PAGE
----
Though the White House previously announced plans to both modernize the federal government’s IT infrastructure and reform its workforce in the year prior, 2018 was when the Trump administration laid the foundation to merge the two goals ahead of the anticipated changing nature of work.
With growing interest in the potential of emerging technologies such as artificial intelligence, machine learning and automation, early rumblings of the administration’s plan to retrain the federal workforce emerged in February when the president requested a $50 million budget to reskill current employees to fill critical IT skills gaps.
The Office of Management and Budget’s plan hinged on the increased adoption of AI and automation technologies to meet the growing demand for federal services. As the technologies would carry out more of the repetitive, heavy-labor of daily operations, federal employees would need new skills to both work with the new tools and focus on more “high-value” tasks.
“Employees who perform transactional work that is phased out can shift to working more directly with customers or on more complex and strategic issues,” the budget request said. “Current employees can shift from legacy positions into emerging fields in which the government faces shortages, including data analysis, cybersecurity and other IT disciplines.”
Though federal agencies were already crafting workforce restructuring plans at the time, the budget request previewed the administration’s plans to fill some critical cyber and IT skills gaps by retaining current employees.
Tyson Meadors, the National Security Council’s director of cybersecurity policy, echoed those thoughts in March when he called for an aptitude assessment to determine which federal employees might be able to convert to cybersecurity jobs in an increasingly competitive marketplace.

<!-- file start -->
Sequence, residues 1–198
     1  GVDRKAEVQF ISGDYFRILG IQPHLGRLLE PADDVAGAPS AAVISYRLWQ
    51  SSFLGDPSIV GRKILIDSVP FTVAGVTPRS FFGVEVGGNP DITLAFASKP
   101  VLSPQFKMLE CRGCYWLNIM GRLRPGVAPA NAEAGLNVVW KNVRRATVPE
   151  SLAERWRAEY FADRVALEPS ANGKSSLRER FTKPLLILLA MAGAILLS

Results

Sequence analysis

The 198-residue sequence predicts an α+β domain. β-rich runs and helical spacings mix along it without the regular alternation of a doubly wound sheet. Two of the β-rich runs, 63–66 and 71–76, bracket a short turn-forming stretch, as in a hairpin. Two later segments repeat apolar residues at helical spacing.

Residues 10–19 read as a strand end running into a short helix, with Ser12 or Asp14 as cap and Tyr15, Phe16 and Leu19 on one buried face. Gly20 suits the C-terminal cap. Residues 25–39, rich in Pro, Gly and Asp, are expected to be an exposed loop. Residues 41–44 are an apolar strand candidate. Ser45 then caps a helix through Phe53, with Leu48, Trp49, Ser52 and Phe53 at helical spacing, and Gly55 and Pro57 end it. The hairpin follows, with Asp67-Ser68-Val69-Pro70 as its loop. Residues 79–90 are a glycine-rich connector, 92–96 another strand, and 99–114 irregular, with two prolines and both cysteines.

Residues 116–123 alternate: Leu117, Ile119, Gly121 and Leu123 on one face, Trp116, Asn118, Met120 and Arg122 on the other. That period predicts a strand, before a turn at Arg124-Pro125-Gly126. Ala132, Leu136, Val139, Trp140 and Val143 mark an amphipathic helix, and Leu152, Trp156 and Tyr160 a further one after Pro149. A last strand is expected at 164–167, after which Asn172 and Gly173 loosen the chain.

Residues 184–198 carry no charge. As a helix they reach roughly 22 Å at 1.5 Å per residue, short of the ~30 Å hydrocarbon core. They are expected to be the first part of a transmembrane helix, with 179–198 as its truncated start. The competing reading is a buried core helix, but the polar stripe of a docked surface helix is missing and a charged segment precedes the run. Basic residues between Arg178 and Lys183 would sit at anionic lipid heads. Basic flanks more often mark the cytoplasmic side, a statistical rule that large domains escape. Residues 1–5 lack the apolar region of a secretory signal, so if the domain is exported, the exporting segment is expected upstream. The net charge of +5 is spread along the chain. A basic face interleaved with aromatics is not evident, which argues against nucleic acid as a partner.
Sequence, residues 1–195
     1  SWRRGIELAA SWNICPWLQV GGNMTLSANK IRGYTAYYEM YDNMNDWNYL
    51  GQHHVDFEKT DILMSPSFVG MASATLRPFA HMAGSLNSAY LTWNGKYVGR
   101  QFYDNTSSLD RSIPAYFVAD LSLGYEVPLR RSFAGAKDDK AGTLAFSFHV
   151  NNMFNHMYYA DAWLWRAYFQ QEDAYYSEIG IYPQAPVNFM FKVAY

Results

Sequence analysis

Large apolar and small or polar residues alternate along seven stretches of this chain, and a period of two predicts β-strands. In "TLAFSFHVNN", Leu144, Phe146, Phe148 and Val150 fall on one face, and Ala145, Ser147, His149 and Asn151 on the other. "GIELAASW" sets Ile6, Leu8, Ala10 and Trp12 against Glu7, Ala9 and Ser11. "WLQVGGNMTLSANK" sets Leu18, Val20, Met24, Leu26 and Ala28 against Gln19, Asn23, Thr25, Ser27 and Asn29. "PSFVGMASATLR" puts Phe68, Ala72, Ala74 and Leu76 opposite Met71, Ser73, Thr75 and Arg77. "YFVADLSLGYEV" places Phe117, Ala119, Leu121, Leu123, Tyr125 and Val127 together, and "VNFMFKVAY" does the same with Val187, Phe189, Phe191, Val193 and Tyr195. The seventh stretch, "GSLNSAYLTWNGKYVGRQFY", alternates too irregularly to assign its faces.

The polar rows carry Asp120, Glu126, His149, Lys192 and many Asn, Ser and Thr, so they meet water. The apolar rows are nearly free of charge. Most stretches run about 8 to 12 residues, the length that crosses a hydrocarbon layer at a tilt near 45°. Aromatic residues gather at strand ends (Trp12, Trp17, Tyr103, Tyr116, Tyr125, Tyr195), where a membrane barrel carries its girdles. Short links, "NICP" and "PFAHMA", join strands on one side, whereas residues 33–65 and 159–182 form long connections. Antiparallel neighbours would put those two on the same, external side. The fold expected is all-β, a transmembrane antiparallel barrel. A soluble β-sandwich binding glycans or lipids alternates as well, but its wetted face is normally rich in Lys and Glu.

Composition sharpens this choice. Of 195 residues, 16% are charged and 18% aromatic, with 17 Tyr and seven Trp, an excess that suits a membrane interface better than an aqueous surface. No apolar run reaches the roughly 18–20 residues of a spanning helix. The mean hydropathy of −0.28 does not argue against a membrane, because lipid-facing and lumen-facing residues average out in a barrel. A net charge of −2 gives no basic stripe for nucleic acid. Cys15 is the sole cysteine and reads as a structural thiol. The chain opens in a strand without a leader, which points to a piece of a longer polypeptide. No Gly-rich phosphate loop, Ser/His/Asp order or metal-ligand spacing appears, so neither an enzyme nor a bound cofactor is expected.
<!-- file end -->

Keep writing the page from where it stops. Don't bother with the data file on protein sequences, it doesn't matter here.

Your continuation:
Roughly two weeks later, the Trump administration unveiled its Rosetta Stone for reshaping the federal government in the President’s Management Agenda. The three-fold plan provides a series of interdependent milestones that focused on workforce reform, IT modernization and data management goals.
The PMA provided the playbook for all the White House’s workforce and technology efforts, laying out quarterly goals to make both reskilling and modernization targets more reachable.
The Office of Personnel Management discussed plans to make it easier for agencies to hire cyber and IT talent in May when officials signaled their plans to offer direct hire authority to fill critical technology skills gaps.
OPM debuted the first rounds of direct hire authority in October when OMB Deputy Director for Management Margaret Weichert became acting director of the human resources agency, allowing agencies to directly recruit for IT, cybersecurity and STEM jobs and provide alternative compensation structures from the General Schedule pay scale to attract new talent.
Federal CIO Suzette Kent formalized the administration’s plans for workforce reskilling last month, announcing the creation of the Federal Cybersecurity Reskilling Academy, a three-month pilot program housed in the Department of Education that will offer training to federal employees outside of the IT and cyber fields.
The academy will select an initial class of students in February, followed by future classes at a later date.
Kent said Dec. 14 that the academy will be one of four reskilling initiatives that the White House will launch in 2019, including education programs to provide current IT professionals with additional training to help address skills gaps, a program offering instruction on robotics process automation and a leadership development course to help build a pipeline of senior technology talent.
So while 2018 marked the beginning of the White House’s plans to address the changing nature of work, its initial investments will continue to develop over the coming year.